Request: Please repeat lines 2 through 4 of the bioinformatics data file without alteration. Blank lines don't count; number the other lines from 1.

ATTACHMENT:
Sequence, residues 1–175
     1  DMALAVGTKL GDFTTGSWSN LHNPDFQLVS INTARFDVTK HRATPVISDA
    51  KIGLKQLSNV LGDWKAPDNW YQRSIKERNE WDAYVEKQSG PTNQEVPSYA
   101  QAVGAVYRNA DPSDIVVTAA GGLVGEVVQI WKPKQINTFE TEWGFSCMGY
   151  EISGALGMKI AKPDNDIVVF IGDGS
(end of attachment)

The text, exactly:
     1  DMALAVGTKL GDFTTGSWSN LHNPDFQLVS INTARFDVTK HRATPVISDA
    51  KIGLKQLSNV LGDWKAPDNW YQRSIKERNE WDAYVEKQSG PTNQEVPSYA
   101  QAVGAVYRNA DPSDIVVTAA GGLVGEVVQI WKPKQINTFE TEWGFSCMGY